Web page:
The singing ended as night rolled in, with the train rushing into a new day after a 13-hour journey. We checked into a hotel near the train station in downtown Changsha and after a brief and quick breakfast and freshening up we were on the bus to Shaoshan, the birthplace of Chairman Mao.
SHAOSHAN, THE BIRTHPLACE OF CHAIRMAN MAO
We boarded a bus to go by road from Shangsha to Shaoshan City in Hunan Province, 104 kilometres away. One could see along the way the reality that China is still predominantly a peasant society. All along the 100 kilometres one could see peasants toiling in the fields. Discussion continued on the bus and the excitement was palpable as we approached Shaoshan City because again our colleagues broke out in song. There were many songs but the song 'Liuyang He' was again the one that stood out. Martin and I sang the Internationale again and as the bus approached the bronze statue of Mao, we were both singing the Internationale in English while our Chinese friends sang along in Chinese.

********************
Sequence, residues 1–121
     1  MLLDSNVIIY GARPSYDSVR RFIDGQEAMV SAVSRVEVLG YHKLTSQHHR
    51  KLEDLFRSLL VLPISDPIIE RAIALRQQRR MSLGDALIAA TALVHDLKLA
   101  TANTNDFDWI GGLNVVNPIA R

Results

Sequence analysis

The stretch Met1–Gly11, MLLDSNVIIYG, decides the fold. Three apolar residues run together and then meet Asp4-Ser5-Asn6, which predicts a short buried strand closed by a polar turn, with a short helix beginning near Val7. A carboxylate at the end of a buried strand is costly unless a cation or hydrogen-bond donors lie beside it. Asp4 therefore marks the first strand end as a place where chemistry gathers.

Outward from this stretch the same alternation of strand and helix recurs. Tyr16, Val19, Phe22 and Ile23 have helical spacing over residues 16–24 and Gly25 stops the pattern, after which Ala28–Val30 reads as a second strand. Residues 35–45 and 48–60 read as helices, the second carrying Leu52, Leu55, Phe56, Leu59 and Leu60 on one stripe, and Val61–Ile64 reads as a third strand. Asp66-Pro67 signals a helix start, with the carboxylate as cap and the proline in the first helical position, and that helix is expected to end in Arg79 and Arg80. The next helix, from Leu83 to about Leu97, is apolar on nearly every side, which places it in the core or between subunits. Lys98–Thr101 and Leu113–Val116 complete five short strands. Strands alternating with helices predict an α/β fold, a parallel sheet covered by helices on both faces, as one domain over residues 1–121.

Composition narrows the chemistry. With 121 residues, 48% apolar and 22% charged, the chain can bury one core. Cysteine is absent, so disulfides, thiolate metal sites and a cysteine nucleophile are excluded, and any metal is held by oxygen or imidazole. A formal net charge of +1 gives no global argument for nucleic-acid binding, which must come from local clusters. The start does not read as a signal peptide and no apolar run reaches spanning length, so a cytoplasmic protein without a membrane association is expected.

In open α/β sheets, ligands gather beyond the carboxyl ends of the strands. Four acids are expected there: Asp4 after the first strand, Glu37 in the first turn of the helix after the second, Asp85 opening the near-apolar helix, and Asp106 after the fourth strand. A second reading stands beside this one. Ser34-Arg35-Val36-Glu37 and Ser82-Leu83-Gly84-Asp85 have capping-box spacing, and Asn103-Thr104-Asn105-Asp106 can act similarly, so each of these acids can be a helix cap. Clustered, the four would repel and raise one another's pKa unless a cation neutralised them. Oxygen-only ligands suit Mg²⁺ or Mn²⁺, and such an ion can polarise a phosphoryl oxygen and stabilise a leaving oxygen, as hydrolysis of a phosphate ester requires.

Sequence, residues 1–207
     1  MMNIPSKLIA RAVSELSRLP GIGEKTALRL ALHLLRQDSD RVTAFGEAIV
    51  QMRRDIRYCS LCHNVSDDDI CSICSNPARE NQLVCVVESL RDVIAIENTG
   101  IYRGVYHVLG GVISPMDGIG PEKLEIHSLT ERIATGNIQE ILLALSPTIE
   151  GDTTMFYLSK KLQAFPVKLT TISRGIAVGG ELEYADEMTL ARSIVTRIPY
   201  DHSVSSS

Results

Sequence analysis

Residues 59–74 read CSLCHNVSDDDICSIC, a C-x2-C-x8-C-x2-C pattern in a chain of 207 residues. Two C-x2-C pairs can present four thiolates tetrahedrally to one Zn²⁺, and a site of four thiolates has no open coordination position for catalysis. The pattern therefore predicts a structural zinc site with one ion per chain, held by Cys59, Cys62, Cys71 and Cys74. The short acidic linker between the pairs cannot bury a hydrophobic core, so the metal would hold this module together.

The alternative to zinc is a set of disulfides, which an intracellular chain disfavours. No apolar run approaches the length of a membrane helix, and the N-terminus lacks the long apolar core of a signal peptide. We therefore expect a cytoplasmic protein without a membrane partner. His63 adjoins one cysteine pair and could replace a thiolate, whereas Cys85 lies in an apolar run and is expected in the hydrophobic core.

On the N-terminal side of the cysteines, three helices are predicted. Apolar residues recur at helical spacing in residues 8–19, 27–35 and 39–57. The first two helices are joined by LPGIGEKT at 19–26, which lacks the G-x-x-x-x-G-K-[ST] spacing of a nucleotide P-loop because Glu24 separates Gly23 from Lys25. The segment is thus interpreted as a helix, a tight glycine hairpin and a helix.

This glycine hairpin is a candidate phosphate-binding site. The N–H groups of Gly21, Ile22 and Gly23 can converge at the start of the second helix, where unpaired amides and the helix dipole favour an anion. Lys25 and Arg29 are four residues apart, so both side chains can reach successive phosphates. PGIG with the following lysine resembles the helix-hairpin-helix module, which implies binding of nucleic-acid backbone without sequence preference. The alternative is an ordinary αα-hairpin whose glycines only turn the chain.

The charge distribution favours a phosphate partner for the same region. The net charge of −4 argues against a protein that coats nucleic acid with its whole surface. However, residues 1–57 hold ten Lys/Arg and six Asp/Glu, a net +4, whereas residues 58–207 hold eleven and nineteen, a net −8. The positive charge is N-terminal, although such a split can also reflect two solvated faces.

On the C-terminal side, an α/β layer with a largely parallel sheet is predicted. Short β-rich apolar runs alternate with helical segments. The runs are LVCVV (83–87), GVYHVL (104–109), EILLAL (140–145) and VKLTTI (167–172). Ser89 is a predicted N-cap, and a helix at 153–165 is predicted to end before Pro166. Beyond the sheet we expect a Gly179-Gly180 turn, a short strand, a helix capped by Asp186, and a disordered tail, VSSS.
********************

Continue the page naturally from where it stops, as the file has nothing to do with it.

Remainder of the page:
MAO ZEDONG BRONZE STATUE SQUARE
After this short journey we arrived at the Mao Zedong Bronze Statue Square. This square was built to mark the occasion of Mao's 100th birth anniversary in 1993 and it is located in the centre of the core scenic area of Shaoshan. Our party joined in the queue to pay our respects with the rituals associated with paying homage to Mao. There was another big party of young soldiers from the People's Liberation Army who were paying their respects. Local party officials from the town had come out to welcome our group from Tsinghua and we lined up behind two soldiers who were slow marching with a big wreath. Our group followed the established ritual with the obligatory bowing and genuflecting before this statue of Mao Zedong.